Cairo is the capital city of Egypt and has a metropolitan area population of approximately 20 million people. The name AL-Qahirah literally means "The Subduer", though it is often translated as "The Victorious". The legacy of the name evolved into the title "Qahirat Al Adaa" meaning "subduer of the enemies". This title was given to the city as many armies were destroyed in attempts to invade Cairo or defeated elsewhere by troops sent from Cairo.
Cairo is located on the banks and islands of the Nile River, the world's longest river (4180 miles); flows northward through eastern Africa into the Mediterranean; the Nile River valley in Egypt was the site of the world's first great civilizations in the north of Egypt, immediately south of the point where the river leaves its desert-bound valley and breaks into three branches into the low-lying Nile Delta.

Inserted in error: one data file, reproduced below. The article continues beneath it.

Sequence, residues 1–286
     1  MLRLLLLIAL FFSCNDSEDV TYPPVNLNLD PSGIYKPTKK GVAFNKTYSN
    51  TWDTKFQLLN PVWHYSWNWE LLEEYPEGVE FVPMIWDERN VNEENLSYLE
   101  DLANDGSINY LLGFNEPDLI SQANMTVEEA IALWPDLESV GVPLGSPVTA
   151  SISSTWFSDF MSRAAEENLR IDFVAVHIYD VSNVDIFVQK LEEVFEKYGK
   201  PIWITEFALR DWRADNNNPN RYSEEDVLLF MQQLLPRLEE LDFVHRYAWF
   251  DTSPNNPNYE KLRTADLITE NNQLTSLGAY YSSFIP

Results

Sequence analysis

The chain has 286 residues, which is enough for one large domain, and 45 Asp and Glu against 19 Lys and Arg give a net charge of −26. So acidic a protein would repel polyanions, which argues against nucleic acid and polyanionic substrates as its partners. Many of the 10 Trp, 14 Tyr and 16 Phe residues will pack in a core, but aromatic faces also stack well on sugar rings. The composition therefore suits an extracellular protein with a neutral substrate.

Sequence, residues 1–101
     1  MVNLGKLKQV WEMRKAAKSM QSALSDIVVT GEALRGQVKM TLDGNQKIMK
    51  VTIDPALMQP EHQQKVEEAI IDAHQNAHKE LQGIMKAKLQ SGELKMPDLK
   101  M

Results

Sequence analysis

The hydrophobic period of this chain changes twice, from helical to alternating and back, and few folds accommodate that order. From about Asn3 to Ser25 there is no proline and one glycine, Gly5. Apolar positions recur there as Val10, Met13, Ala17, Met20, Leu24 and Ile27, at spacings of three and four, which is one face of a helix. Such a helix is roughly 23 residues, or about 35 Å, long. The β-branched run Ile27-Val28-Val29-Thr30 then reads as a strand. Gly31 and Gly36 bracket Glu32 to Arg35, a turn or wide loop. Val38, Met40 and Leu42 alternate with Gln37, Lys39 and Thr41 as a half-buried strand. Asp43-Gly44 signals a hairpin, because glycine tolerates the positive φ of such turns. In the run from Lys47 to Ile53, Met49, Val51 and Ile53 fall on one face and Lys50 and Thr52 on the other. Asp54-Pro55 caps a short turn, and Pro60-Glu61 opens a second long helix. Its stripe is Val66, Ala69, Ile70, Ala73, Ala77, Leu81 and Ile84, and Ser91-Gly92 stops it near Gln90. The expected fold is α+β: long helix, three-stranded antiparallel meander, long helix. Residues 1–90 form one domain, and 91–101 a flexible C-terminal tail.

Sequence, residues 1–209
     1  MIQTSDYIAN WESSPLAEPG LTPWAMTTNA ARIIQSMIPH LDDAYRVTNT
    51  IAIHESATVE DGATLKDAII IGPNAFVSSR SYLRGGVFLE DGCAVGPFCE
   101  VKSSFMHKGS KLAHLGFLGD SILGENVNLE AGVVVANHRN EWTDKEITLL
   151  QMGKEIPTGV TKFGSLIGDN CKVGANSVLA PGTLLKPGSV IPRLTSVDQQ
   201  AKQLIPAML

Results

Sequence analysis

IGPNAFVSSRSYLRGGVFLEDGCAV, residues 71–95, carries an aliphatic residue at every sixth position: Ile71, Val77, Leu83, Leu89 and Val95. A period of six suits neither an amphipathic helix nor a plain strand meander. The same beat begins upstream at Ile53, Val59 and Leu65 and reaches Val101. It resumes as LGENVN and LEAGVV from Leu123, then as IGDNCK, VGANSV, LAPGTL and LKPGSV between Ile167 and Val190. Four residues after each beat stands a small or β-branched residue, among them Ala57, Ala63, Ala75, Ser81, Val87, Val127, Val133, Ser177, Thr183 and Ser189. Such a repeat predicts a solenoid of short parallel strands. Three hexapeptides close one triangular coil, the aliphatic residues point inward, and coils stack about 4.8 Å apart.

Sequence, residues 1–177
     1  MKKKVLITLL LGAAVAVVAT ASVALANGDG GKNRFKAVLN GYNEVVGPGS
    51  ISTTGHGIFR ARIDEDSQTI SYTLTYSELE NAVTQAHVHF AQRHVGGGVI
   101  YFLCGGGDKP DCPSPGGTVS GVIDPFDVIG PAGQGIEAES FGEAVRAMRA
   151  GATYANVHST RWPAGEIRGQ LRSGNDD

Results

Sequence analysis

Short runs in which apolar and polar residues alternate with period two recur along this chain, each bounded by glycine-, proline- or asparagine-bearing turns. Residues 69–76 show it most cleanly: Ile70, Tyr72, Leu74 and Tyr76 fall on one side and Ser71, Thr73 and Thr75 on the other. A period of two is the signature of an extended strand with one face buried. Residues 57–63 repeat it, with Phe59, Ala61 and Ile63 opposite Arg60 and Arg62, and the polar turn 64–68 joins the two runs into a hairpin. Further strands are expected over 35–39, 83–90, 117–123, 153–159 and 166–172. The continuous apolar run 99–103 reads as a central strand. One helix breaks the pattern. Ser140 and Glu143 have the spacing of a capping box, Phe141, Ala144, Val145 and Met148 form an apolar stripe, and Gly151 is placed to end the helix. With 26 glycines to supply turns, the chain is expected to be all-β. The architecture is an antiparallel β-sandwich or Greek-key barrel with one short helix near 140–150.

The oldest part of the city is somewhat east of the river. There, the city gradually spreads west, engulfing the agricultural lands next to the Nile. These western areas, built on the model of Paris, the capital and largest city of France. It became an international center of culture and commerce under the leadership of Ismail the Magnificent in the mid-19th century; marked by wide boulevards, public gardens, and open spaces. The older eastern section of the city is very different: having grown up haphazardly over the centuries it is filled with small lanes and crowded tenements. While western Cairo is dominated by government buildings and modern architecture, the eastern half is filled with hundreds of ancient mosques.